Call a real number $\lambda>1$ **special** if it is a root of a polynomial $f(x)$ such that

- $f(x)$ is monic with integer coefficients,
- all roots of $f(x)$ are distinct,
- for all $z\in\mathbb{C}$, if $f(z)=0$ and $z\neq \lambda$ then $|z|<1$.

For example, the Golden Ratio $\frac{1+\sqrt{5}}{2}$ is special.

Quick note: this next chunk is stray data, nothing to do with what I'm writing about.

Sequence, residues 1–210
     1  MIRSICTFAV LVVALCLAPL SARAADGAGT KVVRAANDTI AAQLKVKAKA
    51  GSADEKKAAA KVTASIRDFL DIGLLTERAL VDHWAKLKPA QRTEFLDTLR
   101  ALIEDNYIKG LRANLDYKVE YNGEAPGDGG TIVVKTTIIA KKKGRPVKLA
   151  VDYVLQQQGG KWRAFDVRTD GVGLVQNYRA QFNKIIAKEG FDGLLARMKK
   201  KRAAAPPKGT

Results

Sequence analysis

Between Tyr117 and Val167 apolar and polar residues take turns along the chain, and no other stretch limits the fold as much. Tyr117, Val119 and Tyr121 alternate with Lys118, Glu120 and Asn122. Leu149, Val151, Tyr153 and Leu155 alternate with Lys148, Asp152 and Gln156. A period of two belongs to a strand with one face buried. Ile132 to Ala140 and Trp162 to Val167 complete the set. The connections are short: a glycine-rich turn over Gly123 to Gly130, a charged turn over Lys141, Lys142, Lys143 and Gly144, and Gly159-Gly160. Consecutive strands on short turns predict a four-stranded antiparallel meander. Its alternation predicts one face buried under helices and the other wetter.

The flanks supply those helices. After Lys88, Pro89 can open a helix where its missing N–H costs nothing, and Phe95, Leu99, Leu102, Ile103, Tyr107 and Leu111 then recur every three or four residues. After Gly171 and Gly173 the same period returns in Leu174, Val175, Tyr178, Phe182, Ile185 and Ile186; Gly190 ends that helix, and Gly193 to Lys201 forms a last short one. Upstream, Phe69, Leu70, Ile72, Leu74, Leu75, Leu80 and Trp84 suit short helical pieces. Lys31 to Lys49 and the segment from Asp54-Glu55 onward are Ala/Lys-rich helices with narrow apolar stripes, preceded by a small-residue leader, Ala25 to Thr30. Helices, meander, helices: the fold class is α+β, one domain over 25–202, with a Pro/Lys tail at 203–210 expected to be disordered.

**Question**: Are there special numbers arbitrarily close to 1?

*Some Remarks*:

After messing around on Wolfram Alpha, I was able to beat the Golden Ratio using the unique real root of $x^3-x-1$, which is approximately 1.3247.

I have found lots of work on polynomials such that

*all*roots are on the unit disc, and some things where all but*two*roots are on the unit disc. But nothing close to what I want: exactly one real root not on the unit disc, and the rest strictly inside the unit disc.